By A. J. Jacobs
Simon & Schuster, $25.
Subtitled, "One Man's Humble Quest to Become the Smartest Person in the World," this book is a satirical memoir of "one man's intellect, neuroses and obsessions" and the predictable struggle we all pursue for both factual knowledge and wisdom.
In fact, what Jacobs has done is challenge himself to read the Encyclopedia Britannica from A to Z. The people in his life discourage him from doing so, calling it a waste of time, but Jacobs prevails — then he shares in this book some of the strangest and funniest facts he has found. Comedian Jon Stewart said, "I've always said, why doesn't someone put out a less complete version of the encyclopedia?"
That's essentially a description of the book — except for the story of how he did it — along with trying to join Mensa and win a spot on "Jeopardy." An example is Jacobs' comment on baldness: "In the elevator up to work, I stood behind an Asian man who happened to be bald. That's odd, I thought to myself. According to the encyclopedia, baldness in Asians is rare. It's rare in Asians and Native Americans. I guess what we have here is one of the unlucky few Asians who couldn't hold on to his follicles. I feel like giving him my condolences." — Dennis Lythgoe
'Da Vinci Decoded'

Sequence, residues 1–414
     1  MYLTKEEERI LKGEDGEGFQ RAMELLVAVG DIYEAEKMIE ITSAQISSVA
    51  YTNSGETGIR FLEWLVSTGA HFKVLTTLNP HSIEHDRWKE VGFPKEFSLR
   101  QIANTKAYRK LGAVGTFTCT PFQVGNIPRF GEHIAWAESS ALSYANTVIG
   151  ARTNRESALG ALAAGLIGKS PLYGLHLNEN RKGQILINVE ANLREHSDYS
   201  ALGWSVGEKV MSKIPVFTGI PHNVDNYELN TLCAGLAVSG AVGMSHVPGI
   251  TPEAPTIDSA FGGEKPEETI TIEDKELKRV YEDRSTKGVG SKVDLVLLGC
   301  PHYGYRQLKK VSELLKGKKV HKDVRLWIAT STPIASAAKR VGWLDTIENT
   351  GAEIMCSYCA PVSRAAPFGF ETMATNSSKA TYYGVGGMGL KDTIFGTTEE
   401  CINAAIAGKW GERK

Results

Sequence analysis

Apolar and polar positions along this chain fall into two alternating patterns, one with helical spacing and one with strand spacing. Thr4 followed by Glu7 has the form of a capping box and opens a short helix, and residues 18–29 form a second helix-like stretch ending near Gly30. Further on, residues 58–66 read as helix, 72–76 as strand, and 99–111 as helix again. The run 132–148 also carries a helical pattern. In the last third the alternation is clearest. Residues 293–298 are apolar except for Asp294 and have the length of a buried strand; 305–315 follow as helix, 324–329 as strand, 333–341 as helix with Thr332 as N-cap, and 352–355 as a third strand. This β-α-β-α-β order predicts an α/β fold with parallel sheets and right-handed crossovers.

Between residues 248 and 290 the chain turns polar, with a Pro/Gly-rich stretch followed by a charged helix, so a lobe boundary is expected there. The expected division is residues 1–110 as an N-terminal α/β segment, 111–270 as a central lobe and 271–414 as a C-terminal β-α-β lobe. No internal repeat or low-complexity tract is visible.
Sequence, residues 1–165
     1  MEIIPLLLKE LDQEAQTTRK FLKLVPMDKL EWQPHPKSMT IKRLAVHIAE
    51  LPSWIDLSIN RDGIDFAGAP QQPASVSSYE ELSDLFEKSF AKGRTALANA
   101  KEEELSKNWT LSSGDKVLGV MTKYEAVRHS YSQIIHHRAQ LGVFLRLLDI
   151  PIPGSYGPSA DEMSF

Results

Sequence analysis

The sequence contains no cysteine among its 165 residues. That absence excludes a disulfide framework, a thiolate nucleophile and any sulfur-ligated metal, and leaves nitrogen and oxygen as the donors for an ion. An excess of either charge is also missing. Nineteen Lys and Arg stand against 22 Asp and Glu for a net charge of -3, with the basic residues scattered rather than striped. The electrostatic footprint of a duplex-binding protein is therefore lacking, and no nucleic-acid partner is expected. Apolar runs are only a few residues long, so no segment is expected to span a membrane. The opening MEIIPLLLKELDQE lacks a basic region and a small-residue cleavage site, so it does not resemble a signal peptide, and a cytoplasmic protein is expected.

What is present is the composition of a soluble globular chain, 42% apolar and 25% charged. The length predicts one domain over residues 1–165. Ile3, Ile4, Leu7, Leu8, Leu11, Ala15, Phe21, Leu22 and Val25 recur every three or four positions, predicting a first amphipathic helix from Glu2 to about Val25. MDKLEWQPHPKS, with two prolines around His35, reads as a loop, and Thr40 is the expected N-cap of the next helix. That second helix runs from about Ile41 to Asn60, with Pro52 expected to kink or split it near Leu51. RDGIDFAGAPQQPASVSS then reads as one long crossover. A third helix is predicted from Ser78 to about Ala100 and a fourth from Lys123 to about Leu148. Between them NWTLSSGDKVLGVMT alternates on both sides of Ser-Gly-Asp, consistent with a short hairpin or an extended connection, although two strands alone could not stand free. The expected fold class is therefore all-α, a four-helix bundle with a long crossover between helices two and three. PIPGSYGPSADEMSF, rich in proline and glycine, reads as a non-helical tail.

By Michael J. Gelb
Taking advantage of the continuing popularity of Dan Brown's best-selling novel "The Da Vinci Code," Gelb has written this book, subtitled "Discovering the Spiritual Secrets of Leonardo's Seven Principles."
The essence of the book is an examination of those principles — curiosita (seek the truth), demostrazione (take responsibility), sensazione (sharpen awareness), sfumato (engage the shadow) arte/scienza (cultivate balance), corporalita (nurture integration) and connessione (practice love). Gelb tries to explain how they can be used to "draw closer to the divine essence within ourselves."
Calling Da Vinci "a profoundly original thinker," Gelb attempts to elaborate on the great man's writings. Although this is a textbookish approach with its boxes, lists and overt self-conscious attempts to connect the ideas of an earlier age to modern life, there are some interesting things in it — almost all of them by Da Vinci rather than Gelb. — Dennis Lythgoe
'Shopaholic & Sister'
By Sophie Kinsella
Dial Press, $23.
Kinsella is a former financial journalist who struck gold when she wrote "Confessions of a Shopaholic" and a series of sequels.
This latest tells of Becky Bloomwood going on an expensive around-the-world honeymoon where she picks up a few souvenirs — two truckloads. So her husband Luke insists she go on a budget when they return home. Not only that, she has lost her best friend, Suze.
The only thing that brightens her outlook is the announcement from her parents that she has a long-lost sister. She is thrilled because she is sure her sister will be an amiable companion on shopping sprees — but she finds that Jessica hates shopping.
The style of writing is breathless and exuberant but often funny. — Dennis Lythgoe